Language, literature and culture develop according to different sets of rules, and it is the task of linguistics, literary studies and cultural studies to describe both the regularities and the changes in these fields. On the one hand, this description unearths standardization mechanisms that influence practical language application and aesthetic production. On the other hand, although normative and prescriptive statements tend to be avoided to a large extent in the descriptively-aligned philological disciplines, these fields of academic study still contribute to standardization. They implicitly or explicitly define the standards for the 'correct' usage of language or 'good' aesthetic design, for example in reference materials and with the help of other instruments and institutions. Moreover, they contribute to the perpetuation of standards by way of their influence on the curricula of schools and universities.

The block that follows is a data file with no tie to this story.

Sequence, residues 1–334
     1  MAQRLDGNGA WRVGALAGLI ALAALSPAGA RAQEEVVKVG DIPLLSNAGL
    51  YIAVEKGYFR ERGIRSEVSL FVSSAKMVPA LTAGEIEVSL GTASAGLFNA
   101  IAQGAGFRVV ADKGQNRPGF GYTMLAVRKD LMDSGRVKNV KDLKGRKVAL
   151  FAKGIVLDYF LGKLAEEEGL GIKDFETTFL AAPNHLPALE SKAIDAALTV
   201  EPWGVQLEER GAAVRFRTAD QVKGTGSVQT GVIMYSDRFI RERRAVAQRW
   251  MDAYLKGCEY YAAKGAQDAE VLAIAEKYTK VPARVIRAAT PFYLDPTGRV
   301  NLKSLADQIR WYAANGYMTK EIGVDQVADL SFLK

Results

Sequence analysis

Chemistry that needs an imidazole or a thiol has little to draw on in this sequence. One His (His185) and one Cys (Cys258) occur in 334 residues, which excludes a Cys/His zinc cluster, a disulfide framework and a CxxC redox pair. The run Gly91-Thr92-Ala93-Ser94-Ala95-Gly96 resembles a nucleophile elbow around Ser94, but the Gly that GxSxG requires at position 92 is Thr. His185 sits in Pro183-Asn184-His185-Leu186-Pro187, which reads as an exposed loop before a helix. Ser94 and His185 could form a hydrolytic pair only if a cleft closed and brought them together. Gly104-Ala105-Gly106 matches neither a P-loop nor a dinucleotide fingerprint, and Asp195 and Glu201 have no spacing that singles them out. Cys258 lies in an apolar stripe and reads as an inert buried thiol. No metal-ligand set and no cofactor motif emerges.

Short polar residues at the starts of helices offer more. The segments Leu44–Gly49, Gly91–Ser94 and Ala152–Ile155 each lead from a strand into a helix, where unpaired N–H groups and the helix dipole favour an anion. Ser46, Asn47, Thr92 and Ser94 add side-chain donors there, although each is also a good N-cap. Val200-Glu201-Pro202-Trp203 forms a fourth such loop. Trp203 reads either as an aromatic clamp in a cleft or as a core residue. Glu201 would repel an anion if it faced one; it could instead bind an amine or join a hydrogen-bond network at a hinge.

The goal of the present volume is to examine the developments and functions of such prescriptive and descriptive tendencies by comparing the similarities and differences in the philological sub-disciplines (linguistics, literary studies and cultural studies, as well as didactics) and their respective subject matters.
Several theoretical approaches, models and methods are presented by specialists from different disciplines, opening up new perspectives for further inter- and transdisciplinary research and new vistas on school and university curricula.